Nothing informs me. I’m in for a week of tiresome emails, such as the one asking me to review a high-budget fantasy series for this entertaining TV column. So it is with a heavy heart that I declare that I have watched The Sandman, the Netflix x Warner x DC crossover event of the summer (it is currently accessible on Netflix). Sir, do you feel it? a commotion in the email world. No way is it true! I’m getting yelled at by thousands of folks who still own DVD collections regarding lore!
However, you can stop advising me on which Reddit subreddits to follow or which occult maps to check out of the library because I truly enjoy this one. I have a tumultuous past with fantasy television. A couple of years ago, there was a ton of it, almost all of it poor, because the producers disregarded the two main principles for fantasy that I invented without bothering to tell anyone. These guidelines state that good fantasy should pose the query. What if that actually did happen? That would certainly be strange. then lay out some uncomfortable guidelines to control that oddity. The end. You can weave fascinating human tales over that canvas when it is stretched taut. What if a catastrophe claimed every man on Earth? What if a supernatural cabal genuinely held power, but they eventually had nosebleeds and passed away? What if a book had the power to foretell the future? A tale can be stretched out for exactly as long as the studio is willing to fund it, or it can be created around a character who is essentially on a road trip in search of a mythical golden object that will solve all of life’s problems. Sadly, the former is much less common than the latter, and as a result, our culture is less rich. I’m not, however, here to criticize Westworld season 4 once more.
Though The Sandman is good, perhaps very good, and verging on very, very good, we should discuss it. It helps that there is a wealth of source material to draw from, including a 75-volume comic book series and an 11-hour audio version. All of these works are by Neil Gaiman, who is skilled at writing gothic tales and has prudently avoided adaptation thus far. Dream, an eternal being older than the gods, is introduced to us and is imprisoned by Charles Dance for a century. During that time, his sleeping realm disintegrates and begins to have an impact on the waking world. Jenna Coleman is dancing cockily and jumping around. Stephen Fry portrays Stephen Fry admirably. There is a talking raven. Playing the Corinthian, a demonic nightmare with teeth in place of eyes, is something Boyd Holbrook is clearly enjoying himself immensely. It is clear that Gwendoline Christie is excellent! Hell’s lord and ruler, Lucifer. Dreams of his many siblings, Death, Desire, and Despair, are circling him like little gears. There is just no other way to put it than David Thewlis is really Thewlissing.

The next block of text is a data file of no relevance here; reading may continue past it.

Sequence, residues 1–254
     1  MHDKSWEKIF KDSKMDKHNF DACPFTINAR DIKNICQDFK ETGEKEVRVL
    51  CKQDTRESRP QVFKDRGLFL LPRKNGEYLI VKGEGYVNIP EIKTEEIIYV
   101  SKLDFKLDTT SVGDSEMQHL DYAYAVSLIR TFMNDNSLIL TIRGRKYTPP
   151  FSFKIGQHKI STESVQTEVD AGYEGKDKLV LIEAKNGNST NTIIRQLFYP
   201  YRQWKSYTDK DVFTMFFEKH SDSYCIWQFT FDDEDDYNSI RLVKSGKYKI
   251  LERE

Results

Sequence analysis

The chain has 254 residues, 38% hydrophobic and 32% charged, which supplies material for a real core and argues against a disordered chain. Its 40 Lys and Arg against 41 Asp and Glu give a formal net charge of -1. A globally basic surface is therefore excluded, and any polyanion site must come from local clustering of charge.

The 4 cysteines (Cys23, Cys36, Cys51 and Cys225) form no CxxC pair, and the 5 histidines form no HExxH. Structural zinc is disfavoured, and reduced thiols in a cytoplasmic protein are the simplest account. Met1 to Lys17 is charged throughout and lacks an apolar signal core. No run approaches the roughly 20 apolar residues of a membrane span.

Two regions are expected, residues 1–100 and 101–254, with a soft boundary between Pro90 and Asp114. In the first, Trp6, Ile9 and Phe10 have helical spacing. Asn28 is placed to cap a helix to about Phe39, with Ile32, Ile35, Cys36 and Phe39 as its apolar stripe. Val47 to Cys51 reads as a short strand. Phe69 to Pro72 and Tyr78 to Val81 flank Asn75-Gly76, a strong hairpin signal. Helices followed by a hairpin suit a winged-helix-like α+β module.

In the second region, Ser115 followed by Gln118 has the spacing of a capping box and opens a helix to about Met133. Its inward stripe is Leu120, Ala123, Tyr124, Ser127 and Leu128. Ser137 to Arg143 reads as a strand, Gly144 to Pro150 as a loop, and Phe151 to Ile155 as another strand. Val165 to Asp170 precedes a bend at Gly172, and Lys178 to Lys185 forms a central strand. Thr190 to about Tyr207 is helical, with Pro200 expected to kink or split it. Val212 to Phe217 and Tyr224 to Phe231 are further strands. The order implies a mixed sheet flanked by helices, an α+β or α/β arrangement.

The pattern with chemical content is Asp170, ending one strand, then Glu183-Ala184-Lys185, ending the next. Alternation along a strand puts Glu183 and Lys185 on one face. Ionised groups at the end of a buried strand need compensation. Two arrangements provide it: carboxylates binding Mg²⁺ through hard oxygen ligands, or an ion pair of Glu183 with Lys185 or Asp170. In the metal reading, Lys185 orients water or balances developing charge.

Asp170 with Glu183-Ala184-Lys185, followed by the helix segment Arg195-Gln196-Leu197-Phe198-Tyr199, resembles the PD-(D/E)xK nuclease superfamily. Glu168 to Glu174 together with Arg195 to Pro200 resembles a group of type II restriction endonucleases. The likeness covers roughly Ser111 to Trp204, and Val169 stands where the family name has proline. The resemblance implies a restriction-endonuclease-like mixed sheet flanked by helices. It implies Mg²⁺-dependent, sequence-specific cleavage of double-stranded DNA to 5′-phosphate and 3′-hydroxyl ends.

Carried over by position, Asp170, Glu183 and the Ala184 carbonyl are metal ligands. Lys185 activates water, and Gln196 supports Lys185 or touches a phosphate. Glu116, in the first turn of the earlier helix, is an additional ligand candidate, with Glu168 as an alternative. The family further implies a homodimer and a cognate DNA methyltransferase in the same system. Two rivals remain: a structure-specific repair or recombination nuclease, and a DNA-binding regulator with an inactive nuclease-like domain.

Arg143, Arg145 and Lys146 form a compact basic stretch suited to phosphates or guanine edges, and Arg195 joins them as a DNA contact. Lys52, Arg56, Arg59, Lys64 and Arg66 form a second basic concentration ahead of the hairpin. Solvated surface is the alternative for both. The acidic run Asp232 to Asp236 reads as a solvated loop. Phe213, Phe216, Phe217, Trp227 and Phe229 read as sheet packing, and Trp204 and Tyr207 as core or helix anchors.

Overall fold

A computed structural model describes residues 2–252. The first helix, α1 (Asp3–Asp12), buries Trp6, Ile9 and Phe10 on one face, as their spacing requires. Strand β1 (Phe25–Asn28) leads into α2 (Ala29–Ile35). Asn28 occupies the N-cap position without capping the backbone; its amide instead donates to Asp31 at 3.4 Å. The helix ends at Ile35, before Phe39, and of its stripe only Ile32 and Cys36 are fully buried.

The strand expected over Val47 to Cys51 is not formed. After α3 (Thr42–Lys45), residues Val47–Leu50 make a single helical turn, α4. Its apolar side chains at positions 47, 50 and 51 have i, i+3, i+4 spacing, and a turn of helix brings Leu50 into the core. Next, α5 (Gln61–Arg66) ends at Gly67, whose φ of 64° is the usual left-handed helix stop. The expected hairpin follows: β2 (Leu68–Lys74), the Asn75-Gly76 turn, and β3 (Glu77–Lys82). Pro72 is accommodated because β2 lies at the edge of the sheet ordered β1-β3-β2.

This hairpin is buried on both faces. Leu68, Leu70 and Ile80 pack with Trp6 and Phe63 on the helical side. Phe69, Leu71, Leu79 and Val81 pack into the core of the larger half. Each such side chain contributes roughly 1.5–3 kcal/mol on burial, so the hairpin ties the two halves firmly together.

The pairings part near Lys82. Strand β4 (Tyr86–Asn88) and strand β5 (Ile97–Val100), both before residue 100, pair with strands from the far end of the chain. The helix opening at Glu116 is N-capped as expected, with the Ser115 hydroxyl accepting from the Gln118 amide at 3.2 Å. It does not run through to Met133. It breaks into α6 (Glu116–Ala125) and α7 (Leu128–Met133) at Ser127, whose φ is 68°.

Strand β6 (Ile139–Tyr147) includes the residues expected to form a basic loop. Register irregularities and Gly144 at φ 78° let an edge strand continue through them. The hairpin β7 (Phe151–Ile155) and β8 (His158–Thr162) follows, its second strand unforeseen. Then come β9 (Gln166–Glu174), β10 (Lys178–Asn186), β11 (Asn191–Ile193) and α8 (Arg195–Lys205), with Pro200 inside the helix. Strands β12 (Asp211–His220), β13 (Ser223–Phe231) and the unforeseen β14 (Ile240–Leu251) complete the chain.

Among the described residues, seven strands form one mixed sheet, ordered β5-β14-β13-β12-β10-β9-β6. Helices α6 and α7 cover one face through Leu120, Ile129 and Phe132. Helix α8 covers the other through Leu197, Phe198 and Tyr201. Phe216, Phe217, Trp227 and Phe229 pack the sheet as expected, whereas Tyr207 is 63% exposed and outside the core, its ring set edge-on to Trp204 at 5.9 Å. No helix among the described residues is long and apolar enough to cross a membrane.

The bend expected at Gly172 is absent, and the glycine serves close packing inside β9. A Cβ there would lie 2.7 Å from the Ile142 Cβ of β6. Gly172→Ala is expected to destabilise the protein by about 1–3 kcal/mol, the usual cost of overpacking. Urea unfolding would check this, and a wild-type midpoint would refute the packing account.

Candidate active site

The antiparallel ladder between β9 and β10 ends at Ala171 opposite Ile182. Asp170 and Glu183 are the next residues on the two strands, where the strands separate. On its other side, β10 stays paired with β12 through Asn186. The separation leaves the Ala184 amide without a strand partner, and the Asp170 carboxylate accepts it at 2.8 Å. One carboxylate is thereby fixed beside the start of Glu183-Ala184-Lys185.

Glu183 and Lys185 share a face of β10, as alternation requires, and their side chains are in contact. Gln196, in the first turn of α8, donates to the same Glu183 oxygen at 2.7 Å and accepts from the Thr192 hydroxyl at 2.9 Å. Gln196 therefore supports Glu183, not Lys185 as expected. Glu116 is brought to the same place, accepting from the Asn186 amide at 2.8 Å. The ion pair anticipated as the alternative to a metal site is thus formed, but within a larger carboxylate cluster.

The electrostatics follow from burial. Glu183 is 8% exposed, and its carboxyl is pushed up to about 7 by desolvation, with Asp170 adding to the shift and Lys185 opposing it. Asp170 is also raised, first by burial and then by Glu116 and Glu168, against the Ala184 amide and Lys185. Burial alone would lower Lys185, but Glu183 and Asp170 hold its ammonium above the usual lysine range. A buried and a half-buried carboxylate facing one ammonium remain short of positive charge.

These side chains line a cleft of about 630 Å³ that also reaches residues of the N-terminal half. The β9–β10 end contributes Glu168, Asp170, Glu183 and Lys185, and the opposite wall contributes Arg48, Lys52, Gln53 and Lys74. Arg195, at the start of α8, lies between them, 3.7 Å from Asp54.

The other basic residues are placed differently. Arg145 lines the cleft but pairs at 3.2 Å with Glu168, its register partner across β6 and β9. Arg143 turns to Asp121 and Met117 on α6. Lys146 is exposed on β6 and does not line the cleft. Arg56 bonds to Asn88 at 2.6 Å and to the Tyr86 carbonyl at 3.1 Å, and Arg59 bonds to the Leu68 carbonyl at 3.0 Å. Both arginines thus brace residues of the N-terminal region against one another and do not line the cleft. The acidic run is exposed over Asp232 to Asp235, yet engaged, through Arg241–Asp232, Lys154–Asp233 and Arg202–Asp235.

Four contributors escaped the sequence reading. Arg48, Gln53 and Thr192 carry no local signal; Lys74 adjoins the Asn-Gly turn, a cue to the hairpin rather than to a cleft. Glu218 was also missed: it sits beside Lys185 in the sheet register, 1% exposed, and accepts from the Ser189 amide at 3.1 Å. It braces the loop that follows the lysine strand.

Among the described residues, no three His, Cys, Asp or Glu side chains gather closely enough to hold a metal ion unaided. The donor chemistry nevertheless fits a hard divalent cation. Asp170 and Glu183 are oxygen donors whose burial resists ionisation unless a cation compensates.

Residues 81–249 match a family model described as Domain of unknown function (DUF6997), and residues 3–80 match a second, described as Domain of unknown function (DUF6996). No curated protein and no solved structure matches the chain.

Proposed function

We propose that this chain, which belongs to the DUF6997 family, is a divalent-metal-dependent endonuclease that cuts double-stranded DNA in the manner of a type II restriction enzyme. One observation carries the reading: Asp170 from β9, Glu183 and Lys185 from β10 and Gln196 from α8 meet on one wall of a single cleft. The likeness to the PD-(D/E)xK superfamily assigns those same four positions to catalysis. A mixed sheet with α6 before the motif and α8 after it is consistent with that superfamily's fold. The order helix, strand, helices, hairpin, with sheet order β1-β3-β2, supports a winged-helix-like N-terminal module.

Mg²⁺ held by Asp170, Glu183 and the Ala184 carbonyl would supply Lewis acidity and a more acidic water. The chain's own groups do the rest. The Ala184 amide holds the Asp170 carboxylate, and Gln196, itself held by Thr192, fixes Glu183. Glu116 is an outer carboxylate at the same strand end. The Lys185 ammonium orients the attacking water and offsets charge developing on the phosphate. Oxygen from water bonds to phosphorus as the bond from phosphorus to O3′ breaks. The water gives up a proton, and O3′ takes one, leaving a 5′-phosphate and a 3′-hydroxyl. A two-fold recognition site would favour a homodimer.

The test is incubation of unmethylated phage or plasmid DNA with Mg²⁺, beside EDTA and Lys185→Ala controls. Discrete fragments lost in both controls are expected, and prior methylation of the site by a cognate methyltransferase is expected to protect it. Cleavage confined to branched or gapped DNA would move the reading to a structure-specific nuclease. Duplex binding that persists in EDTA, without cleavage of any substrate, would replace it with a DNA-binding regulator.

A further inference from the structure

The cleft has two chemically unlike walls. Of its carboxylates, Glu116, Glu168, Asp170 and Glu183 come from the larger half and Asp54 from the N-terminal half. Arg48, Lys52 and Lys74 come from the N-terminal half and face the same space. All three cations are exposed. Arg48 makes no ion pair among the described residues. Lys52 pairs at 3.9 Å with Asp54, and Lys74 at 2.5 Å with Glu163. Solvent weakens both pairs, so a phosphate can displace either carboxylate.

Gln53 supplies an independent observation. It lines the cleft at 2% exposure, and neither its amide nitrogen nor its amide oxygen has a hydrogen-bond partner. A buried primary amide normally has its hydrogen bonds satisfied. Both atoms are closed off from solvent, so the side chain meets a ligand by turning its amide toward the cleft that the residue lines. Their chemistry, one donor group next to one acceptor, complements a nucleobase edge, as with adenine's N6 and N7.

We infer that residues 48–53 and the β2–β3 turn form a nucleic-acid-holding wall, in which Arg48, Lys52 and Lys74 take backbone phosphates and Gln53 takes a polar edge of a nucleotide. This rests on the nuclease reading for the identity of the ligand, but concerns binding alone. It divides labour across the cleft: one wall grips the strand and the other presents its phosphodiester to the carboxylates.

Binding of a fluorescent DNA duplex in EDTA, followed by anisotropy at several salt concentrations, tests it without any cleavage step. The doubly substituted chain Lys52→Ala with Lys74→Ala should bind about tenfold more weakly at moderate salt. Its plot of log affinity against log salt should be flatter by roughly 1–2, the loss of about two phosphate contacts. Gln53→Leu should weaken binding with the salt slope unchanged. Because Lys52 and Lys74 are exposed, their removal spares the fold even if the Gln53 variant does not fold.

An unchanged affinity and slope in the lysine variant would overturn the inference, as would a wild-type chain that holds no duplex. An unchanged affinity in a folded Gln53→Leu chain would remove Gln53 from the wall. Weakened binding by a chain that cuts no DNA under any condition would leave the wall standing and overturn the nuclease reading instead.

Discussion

But The Sandman stands out thanks to two crucial choices. The casting is superb, as you can obviously see from the description above. However, there’s a fantastic balance between those somber, spit-when-they-talk actors and light-handed British comedians who balance some of the themes that are more stern (Asim Chaudhry and Sanjeev Bhaskar, as Cain and Abel, are excellent against Dreams Tom Sturridge who is very good and doomed to inspire the sartorial decisions of an entire generation of goths but playing the whole thing very seriously). This is also beneficial because many of the scenes are simply computer renderings chatting to one another. On a soundstage, you really couldn’t portray gates that reach the heights of heaven and lead to a land of dreams, can you? And actors who have that lighthearted quality prevent it from feeling overly soulless. You never think, “I’m seeing someone talk to a tennis ball,” at any moment.
Second, even if there is a good deal of I must travel into hell and ask about my helm trinket-getting, it’s not the only thing going on, and my two favorite episodes were stand-alone tales set in a more developed gods-and-monsters universe. These two episodes—one set in a diner and the other in the same pub at 100-year intervals—really demonstrate what can be done with a single plot, a single character, and an hour of inventiveness. As a result, the entire series has a more anthology-like feel than an endless tale in which magic happens when someone makes a lot of hand gestures. I am aware of your past injuries. I can verify it with all the emails. However, this contemporary fantasy series is well worth your time.